Microscopy Image Gallery

Exploration of the Month

March 1998

This month we will look at the way our clothes are put together. Clothing serves several different purposes; it keeps us warm, it protects our skin, but probably most important requirement of clothing is that it has to look good. There are many different types of fabric that are used in clothes, and they all look different under the microscope. Here we will look at a few different examples. We will leave you to look at your own clothes to see what they look like.

Jeans Jeans closeup of denim Jeans closeup of stitching

Here are some Denim jeans which are rather faded. The traditional blue color can still be seen, although the material looks rather pale. The orange stitching can also be seen. In the middle image the woven nature of the fabric can easily be seen as the threads run over and under each other. The blue color of the denim comes from the colored outer fibers of the thread. Where these have been worn away the white fibers which are in the center of the thread become visible - giving the pale faded appearance to these jeans. The third image shows the orange stitching disappearing and reappearing through a needle hole in the jeans.

Fleece Fleece higher magnification

Polar Fleece is a material that was developed to keep us warm, without being too heavy. To do this it has to be able to trap large amounts of air (which is a good insulator) in a way that prevents it from blowing around inside the material. Looking at these images we can see that this is done by having lots of randomly looped fibers. This creates a loose maze that sucessfully traps the air, and keeps us warm. Because the material is so loose, it is difficult to get nice, crips printing on the material - particularly since all the fibers run in all different directions, so the pattern on the material tends to look a little "fuzzy".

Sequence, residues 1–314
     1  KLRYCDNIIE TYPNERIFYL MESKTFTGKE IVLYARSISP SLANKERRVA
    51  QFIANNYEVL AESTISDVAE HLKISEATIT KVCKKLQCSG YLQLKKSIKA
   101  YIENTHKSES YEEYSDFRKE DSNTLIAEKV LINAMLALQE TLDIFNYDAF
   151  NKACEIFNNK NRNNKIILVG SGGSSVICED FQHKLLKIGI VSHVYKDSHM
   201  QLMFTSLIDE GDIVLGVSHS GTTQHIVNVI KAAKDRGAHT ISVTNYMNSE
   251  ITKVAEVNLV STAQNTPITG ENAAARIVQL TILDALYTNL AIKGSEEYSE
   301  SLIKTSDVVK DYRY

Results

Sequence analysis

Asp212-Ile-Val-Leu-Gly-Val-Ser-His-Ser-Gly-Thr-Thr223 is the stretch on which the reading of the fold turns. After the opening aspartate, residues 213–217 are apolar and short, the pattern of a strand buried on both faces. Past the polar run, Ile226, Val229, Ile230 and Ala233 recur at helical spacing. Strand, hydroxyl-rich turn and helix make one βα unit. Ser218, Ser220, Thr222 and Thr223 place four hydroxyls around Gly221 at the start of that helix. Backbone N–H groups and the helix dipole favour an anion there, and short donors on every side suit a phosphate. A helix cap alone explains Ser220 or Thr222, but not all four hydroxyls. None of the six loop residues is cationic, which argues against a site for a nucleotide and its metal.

Cotton Underpants Cotton higher magnification

Knitted cotton fabric, in this case a pair of underpants, has a slightly different requirement than the polar fleece does. In this case we would like the material to have a particular shape, and be soft against our skin, and yet still stretch a little bit so that we can put the clothes on. It is the knitting that enables all of this to happen. Rows and rows of interlocking loops make up the fabric. When we stretch the material the individual loops all distort to accommodate the stretch, without trying to break the yarn.

Polycotton Fabric Higher magnification

The knitted cotton underpants were just plain white. This poly-cotton fabric has been printed with pretty, colored design. We can tell that the pattern was printed onto the cloth after it was made by looking at the magnified image on the right. The cloth is formed by threads running up-and-down woven between other threads which run left-to-right. The pattern is then painted on the finished cloth so that both sets of thread get colored with the right color.

Silk Silk higher magnification

It is not always possible to print the pattern onto the finished fabric like that. Sometimes, as in the case of this silk fabric, the colors do not take very well. In this case the individual fibers have to be dyed a particular color, and the final pattern is then made up by combining threads of a different color. In the magnified image on the right the blue threads are seen to be running left-to-right, whereas the other colors are woven through them up-and-down.

Other Explorations

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Last Update: 3/21/98